Eric Church and Jazmine Sullivan warmed the hearts of the audiences with their soulful rendition of the national anthem at the Super Bowl LV, held last Sunday, February 7, 2021.
But the two talented singers were not the only ones who performed their hearts out as an ASL (American Sign Language) performer steals the spotlight.
On behalf of the National Association of the Deaf, Warren “Wawa” Snipe performed the national anthem in American Sign Language passionately, wowing and winning viewers.
“I was very honored and humbled to be selected to perform these songs at the Super Bowl.” The 50-year-old deaf rapper and recording artist shared in an interview. “It was always my dream to perform at the Super Bowl, and I would love to be able to perform the halftime show in ASL too!” He added.
True to his words, Snipe seized the moment and made the most of it with his bright smile, powerful movements, and big energy. His moving act did not go unnoticed as viewers shared on social media how his captivating performance left them in awe.
Meanwhile, Snipe’s videoed rendition of the national anthem in American Sign Language posted on the Facebook page of the National Association of the Deaf (NAD) has gained more than 9,000 reactions and over 900 comments.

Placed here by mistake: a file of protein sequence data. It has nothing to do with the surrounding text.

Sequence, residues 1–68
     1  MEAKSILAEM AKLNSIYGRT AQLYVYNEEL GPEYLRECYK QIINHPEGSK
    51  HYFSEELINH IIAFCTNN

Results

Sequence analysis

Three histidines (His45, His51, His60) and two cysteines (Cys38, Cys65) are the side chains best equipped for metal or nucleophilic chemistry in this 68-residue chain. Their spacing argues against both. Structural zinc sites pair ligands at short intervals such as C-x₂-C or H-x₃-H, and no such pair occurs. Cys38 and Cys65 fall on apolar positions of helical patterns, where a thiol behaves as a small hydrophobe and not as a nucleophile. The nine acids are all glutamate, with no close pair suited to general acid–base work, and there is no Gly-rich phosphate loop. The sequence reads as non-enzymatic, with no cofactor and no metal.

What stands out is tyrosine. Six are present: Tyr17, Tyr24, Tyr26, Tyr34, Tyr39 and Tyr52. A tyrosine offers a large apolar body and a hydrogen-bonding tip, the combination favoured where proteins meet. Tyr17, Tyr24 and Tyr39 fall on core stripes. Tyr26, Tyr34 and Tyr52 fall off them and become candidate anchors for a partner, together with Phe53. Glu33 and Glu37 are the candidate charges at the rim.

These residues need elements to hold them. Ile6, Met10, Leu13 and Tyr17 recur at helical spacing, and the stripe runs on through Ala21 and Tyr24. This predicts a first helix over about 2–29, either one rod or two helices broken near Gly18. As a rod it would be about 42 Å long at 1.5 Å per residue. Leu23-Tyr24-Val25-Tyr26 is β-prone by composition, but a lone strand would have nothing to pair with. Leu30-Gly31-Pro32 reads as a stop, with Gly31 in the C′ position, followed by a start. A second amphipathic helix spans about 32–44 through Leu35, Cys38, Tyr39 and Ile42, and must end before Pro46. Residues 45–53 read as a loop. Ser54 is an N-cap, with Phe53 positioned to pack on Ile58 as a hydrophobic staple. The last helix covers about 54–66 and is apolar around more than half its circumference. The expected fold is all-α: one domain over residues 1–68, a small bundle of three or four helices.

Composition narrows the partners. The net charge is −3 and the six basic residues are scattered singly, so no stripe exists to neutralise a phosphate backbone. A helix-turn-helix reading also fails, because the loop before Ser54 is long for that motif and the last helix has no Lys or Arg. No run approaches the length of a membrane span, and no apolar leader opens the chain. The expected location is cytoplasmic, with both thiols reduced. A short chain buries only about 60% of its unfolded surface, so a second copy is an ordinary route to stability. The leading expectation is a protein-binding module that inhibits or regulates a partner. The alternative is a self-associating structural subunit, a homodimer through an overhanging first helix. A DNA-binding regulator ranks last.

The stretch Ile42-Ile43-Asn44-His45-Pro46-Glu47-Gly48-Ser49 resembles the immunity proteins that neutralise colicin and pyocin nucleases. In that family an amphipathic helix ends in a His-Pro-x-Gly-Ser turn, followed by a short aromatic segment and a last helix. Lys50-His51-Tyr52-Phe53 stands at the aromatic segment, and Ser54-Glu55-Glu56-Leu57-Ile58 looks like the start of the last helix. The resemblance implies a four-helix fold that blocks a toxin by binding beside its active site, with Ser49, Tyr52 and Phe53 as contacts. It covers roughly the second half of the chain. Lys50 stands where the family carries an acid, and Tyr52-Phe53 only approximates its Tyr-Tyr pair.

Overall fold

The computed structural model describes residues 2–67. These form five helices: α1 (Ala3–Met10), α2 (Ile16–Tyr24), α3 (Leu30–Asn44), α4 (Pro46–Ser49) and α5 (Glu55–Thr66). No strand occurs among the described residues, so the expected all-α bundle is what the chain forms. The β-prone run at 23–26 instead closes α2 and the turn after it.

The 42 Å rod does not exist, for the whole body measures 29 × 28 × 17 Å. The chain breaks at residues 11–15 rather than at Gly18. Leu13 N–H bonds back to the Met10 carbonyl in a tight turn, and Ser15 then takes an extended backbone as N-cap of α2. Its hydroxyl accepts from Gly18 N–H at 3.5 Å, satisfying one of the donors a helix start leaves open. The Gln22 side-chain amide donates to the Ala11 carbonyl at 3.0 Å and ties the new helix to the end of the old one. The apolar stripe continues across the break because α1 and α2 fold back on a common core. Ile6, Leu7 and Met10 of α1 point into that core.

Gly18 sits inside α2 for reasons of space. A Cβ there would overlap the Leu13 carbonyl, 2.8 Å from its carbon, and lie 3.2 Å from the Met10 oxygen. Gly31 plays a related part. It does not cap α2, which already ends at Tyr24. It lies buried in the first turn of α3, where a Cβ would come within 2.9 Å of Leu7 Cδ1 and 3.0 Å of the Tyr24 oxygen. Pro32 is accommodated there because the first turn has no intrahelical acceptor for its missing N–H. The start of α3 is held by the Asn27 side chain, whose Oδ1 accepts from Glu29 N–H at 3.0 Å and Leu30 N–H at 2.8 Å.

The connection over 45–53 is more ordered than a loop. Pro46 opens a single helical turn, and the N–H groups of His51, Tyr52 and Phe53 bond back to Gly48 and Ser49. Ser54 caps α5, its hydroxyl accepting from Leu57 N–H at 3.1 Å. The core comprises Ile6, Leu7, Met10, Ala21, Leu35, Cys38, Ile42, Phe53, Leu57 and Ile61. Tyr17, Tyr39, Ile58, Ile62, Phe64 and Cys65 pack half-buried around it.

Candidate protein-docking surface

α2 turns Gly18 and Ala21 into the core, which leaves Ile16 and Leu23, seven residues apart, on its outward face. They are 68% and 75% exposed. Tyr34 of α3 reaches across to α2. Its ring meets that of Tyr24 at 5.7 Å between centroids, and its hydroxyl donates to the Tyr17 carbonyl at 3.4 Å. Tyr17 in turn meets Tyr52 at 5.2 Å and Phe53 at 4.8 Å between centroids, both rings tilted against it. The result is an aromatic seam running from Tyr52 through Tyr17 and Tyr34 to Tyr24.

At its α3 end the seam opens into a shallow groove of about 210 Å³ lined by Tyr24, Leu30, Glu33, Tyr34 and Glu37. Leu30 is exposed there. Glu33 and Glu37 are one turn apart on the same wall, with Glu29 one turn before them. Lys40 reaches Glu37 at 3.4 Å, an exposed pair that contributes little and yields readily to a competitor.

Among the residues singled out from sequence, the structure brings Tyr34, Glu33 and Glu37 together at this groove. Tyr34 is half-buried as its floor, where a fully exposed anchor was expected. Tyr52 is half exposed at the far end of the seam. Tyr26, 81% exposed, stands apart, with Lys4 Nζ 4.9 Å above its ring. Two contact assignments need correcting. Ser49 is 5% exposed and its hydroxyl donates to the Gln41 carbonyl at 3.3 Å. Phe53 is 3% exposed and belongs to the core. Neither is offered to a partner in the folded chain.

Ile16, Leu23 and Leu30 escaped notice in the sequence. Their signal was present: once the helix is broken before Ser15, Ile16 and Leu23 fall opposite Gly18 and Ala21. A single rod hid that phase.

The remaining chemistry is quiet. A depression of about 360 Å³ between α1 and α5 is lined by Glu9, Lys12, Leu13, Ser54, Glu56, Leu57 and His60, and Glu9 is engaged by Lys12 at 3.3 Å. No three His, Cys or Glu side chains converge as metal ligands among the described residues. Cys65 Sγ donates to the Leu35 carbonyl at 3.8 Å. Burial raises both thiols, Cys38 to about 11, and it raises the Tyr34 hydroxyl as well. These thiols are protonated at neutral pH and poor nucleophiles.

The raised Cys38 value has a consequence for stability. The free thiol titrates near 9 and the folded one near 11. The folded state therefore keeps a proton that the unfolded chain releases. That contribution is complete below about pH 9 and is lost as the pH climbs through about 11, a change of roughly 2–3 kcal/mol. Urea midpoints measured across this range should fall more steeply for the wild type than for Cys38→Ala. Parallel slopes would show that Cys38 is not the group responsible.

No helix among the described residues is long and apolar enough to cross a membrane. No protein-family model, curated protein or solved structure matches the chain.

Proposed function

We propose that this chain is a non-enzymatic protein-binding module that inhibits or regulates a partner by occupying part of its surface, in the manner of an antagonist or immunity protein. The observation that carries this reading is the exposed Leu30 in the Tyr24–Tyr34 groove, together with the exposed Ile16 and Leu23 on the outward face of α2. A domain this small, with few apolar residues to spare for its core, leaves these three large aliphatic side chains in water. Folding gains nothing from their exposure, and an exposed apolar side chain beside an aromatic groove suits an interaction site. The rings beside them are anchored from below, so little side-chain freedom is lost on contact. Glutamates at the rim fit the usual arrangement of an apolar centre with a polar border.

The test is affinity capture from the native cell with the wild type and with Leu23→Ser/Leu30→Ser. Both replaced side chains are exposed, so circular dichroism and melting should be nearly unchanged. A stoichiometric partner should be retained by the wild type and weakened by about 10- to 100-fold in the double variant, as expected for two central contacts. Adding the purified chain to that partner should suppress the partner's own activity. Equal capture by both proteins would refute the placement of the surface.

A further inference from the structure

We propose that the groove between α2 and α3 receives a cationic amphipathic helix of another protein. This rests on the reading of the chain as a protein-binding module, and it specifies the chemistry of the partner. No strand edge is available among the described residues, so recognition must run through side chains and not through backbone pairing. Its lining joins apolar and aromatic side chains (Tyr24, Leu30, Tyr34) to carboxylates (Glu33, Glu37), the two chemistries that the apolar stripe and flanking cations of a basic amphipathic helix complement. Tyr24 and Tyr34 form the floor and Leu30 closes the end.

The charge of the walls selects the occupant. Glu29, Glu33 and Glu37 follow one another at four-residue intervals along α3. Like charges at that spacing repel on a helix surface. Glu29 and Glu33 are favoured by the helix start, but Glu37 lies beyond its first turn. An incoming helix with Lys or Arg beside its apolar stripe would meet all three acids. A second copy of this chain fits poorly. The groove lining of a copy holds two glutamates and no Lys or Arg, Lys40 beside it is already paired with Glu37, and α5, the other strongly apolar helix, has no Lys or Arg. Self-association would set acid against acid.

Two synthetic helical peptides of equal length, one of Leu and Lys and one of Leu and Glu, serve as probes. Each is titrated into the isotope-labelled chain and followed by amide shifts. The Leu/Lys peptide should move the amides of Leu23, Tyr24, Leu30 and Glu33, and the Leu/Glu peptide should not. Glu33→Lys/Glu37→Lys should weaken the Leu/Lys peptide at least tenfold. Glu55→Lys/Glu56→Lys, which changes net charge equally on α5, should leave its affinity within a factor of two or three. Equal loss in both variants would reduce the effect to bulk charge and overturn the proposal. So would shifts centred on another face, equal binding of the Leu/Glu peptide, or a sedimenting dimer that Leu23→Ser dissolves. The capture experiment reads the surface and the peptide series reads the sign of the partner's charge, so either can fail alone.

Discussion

“Now that was absolutely the most powerful and beautiful ASL performance I have ever had the privilege to watch!!!” One Facebook user shared in the comment section.
“You sir did an amazing presentation with so much power and grace in your performance, thank you for giving us the privilege of watching you perform. That was awesome,” said Melanie Faust
“You did an awesome job sir. It’s so amazing to see somebody who is so into the song and to be able to let the hearing impaired people be able to feel the song they need to do this more often.” Another Facebook user said, expressing her gratitude.
“I’ve never seen a sign language interpreter at any of the football games. They should start doing this more often because there are a lot of hearing impaired people that love to watch football and again thank you sir. My mom was able to see this and enjoy this,” posted Rachel Maddox on Facebook.
Before the big game, Snipe shared with CBS News how he prepared by practicing a rendition of the songs that closely tracks how this year’s singers usually perform them. He also spent time rehearsing together with the artists.
“My approach will follow how this year’s singers handle the songs in their own way,” Snipe disclosed.
“The Deaf and Hard of Hearing community needs access to these iconic songs just like everyone else,” Snipe added.
“To those who are hearing, try watching television with the sound and captions off, and you’ll experience inaccessibility. Why wouldn’t you want to make everything accessible to everyone, including Deaf and Hard of Hearing people?”
Watch the video below to see the full footage of Snipe’s incredible rendition of the national anthem in American Sign Language at the Super Bowl LV.